Unfortunately, the test scores that are used to judge schools are not fully explained to the public. Parents tend to see which school has the highest scores but do not know what the schools ''like school'' score means, have not tracked the data over time and do not know whether the school is using the data to inform decisions.
The reading program that all schools in town are using has the potential to be amazing if implemented correctly with the goal being all children reading at or above grade level, the problem with it is that it is in its first year of implementation and teachers are at the ''mechanical'' stage of use. With time, they will get to ''refinement'' as is true with anything.
I was raised in public schools in Alameda, graduated from UC Berkeley and have been an educator for almost 15 years. I also went to the ''wrong'' schools in town as judged by many. My mother chose these schools and moved from the east end to the west after doing her homework over thirty years ago!
alameda parent and educator
The short version of what I have to say about your question is that Alameda is blessed with a whole bunch of good schools and good teachers, including the high schools. My own view is that, except in extreme cases (e.g., inept principal, unsafe facility (neither of which I am aware of in Alameda)) the particular teacher your child will get is far far more important than the ''overall'' quality of any school.
The difficult thing for those who would like a simple answer is that both (1) good/great teachers and (2) not so good/great teachers are spread around all over the place, at both private and public schools, including at schools that conventional wisdom in Alameda holds to be ''good'' as well as at schools considered ''not so good'' schools. I think Alameda schools overall have far far more of (1) than (2). In any event, this all makes one's job as a parent harder because I don't think parental responsibilities can end with a determination that a particular school is ''good'' or ''not so good.'' Rather, they should involve efforts to find out about particular teachers and programs at particular schools and then to go there and get involved.
School quality and even teacher quality are not static, fixed, and unchanging. Involvement of parents (particularly of parents like those who care enough to read stuff like Parents Network postings), even a very few parents, can significantly change/improve a school or a classroom in a relatively short amount of time. So, if you and a few people like you go to school X, school X will be far better than if you don't. Don't underestimate the power of parental involvement in schools, particularly elementary schools!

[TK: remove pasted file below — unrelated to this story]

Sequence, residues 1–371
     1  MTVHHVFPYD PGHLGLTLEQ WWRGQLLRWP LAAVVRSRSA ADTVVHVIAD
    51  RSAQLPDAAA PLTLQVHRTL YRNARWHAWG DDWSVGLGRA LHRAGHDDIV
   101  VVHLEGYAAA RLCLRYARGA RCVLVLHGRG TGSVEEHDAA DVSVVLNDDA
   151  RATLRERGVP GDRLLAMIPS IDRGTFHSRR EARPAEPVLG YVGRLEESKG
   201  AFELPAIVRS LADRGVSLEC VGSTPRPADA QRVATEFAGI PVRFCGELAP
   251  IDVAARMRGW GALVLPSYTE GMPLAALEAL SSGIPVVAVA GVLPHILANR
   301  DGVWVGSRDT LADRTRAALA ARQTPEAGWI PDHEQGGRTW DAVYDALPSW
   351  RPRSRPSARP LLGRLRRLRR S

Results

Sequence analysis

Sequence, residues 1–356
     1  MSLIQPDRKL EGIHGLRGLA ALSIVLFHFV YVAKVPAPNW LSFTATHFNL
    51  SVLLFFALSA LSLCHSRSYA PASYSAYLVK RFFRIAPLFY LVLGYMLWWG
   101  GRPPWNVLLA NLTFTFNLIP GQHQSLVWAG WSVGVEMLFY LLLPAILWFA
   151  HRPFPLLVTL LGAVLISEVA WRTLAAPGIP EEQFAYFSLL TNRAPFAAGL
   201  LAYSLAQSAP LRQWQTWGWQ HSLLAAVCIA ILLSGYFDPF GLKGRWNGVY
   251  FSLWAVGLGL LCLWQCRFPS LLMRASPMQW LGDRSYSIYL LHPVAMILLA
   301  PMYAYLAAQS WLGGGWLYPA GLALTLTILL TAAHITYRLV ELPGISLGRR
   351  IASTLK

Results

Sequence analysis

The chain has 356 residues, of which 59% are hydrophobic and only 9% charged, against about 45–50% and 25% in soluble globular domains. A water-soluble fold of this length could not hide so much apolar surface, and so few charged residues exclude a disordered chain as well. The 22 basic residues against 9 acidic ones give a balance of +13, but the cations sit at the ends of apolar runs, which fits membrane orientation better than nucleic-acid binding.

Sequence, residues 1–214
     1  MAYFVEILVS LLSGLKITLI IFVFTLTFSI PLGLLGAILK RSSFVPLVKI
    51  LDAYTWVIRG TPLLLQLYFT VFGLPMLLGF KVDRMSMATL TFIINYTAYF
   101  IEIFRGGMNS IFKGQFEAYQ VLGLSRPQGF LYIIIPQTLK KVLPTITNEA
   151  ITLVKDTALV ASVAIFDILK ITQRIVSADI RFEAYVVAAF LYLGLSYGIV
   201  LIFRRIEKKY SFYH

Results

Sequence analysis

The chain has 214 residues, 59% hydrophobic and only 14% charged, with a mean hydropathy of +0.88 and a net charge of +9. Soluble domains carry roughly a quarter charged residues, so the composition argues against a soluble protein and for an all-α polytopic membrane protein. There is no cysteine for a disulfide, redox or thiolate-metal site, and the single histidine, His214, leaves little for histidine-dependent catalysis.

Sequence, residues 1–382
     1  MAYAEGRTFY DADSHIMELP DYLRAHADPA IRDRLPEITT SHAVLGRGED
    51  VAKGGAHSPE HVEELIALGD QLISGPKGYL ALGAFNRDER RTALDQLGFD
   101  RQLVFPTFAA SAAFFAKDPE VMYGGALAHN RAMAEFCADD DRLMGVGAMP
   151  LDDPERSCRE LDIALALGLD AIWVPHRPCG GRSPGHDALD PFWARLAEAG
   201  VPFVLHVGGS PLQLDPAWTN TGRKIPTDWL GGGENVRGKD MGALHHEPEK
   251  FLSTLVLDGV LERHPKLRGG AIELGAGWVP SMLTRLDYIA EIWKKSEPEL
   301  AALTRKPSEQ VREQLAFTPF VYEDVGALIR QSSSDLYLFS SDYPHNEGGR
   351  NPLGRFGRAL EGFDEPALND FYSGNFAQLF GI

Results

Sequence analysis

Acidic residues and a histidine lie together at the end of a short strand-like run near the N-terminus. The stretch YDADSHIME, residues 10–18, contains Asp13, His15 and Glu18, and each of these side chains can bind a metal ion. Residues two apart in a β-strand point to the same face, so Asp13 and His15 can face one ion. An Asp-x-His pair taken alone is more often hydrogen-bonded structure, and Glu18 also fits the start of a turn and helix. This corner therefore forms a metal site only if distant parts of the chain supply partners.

Finally, I have to say that Alameda High is a great school.... (see Alameda High School reviews for the rest of this posting.)
I'm happy with our public school situation for a number of reasons. First, I love being able to walk my daughter to and fro every day. Second, public schools offer ample opportunity to get involved, as a parent, whereas the private schools did not seem so welcoming. I am currently volunteering as a room parent, an art docent, and a lunch/recess monitor and I have learned *so* much more about my daughter's school, her teacher, the kindergarten experience, and her classmates. (I now have about 30 new little friends, too, which is quite lovely!) I also like to think I am contributing to the general environment at the school, if only in small ways.
Third, my daughter (and my entire family, frankly) is now interacting with a diverse population--not only racially, which I think you can get at private schools, too--but economically. My daughter now knows that some children come to school hungry; she also knows that some children have far more than we have. Having grown up in a not-very-wealthy farm town in New England, this is very, very important to me.
Finally, by being able to volunteer, I feel like I'm helping lots of children (again, if only in small ways), not just my own children. Schools are a vital part of our community and if we want to have a healthy community with stimulated, engaged, responsible children, I think it's important to get involved with the schools and make some effort to help.